The Hidden Cost of Virtual Reality (HTC Vive)

Have you been anxiously awaiting the arrival of virtual reality for your very own living room? If so, you are not alone. Many people around the world have yearned to get a more immersive experience when playing their favorite games. Now, the long-standing barriers have finally been broken down. Some of the most popular devices including the HTC Vive, Oculus Rift and Sony Playstation VR, are truly reinventing the world of gaming.

Are you thinking you are ready to step into the realm of virtual reality? Hold on….not so fast. It’s not as easy as just putting on the headset and playing. There are some hidden costs you may still need to consider.

Not to worry, we will cover the basics you need to know here.

Do You Have Enough Space?

The first thing you will want to consider is if you have enough space. Most people don’t just have an extra room which isn’t being used and furniture can get in the way. In the case of the HTC Vive, its IR sensors map your location in a physical space that measures at least 6.5 ft. x 5 ft. Sounds awesome until you are chasing after a zombie or something and trip over your coffee table. So you need to have a space which can be opened up for gaming. Here are a few options to allow you to play freely.

Option 1: The Temporary Fix

The simplest solution, and also the cheapest, is to remove all objects that pose a potential danger each time you play. This means moving furniture, decorations, etc., and ensuring pets won’t wander in. One suggestion is to place a rug under the coffee table so that you can easily move them at the same time. However, this can be tedious and annoying which might deter you from using your new technology. Your family or roommates also might not appreciate a regularly dismantled living space.

Option 2: Re-Purpose a Room

Another solution may be to rethink the spaces you have in order to convert a room into a permanent gaming space. Think of a room that you rarely use such as a garage, guest bedroom, office, or basement for example, and equip it for your gaming. Depending on the current state of the room, the task can vary from rather painless to a big project. If it’s leaning more towards a big project consider hiring some help. Here are some services you may need:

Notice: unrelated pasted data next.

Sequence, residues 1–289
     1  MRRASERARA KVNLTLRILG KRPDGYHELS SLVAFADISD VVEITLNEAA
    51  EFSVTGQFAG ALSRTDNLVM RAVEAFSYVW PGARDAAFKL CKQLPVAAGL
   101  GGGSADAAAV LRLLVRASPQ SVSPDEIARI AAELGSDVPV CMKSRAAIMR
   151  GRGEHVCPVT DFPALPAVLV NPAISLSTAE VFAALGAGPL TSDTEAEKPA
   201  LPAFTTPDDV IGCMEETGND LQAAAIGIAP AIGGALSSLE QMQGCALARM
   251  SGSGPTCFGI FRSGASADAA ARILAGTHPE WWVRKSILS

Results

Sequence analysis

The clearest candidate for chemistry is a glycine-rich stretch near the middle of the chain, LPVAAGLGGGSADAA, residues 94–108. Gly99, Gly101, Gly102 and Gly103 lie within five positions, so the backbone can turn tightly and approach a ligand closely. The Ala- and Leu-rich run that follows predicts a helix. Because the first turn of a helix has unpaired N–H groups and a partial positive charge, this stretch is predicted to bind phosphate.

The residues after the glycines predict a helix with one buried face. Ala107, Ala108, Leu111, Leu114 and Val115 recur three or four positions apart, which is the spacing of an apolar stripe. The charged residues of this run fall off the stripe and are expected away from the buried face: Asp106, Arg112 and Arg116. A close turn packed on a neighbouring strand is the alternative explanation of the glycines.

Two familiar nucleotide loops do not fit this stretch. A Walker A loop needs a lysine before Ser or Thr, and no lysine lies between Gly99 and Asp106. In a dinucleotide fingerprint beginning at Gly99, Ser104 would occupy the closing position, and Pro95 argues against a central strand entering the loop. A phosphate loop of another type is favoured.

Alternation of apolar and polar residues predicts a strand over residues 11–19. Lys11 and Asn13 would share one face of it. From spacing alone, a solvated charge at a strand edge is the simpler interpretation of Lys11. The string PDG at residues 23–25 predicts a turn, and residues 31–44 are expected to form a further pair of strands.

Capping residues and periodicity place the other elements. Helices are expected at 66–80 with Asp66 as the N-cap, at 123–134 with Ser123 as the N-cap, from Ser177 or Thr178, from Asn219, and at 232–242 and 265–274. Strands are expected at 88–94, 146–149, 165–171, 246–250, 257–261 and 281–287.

• A cleaning service which costs $25-$40 per hour.
  • A junk removal service to take away broken furniture, useless appliances and trash that you have accumulated costs $165 for a medium load.
  • An electrician for $65-$85 per hour to install electrical outlets or wiring.

Option 3: Add on a Brand New Room

Thirdly, maybe you are ready to invest in a dedicated new gaming room. After all, you have been waiting years for this experience! Not only can you make the room according to your needs, but it can help to improve the resale value of your home. What does a project like this cost?

Option 4: The Separate Room Solution

The last option we will touch on here is the separate room solution. What if you want your computer in one room and the base station and headset in another? This may be the case if you have the space for playing in one room but want your computer to remain in another. All you need for this set up is two extension cables: one for HDMI and one for USB. If you would like to learn more about the cables which have worked best for the HTC Vive specifically, click here and here. You can also check out this USB cable ($64) and HDMI cable ($43) which have some of the best reviews at the moment.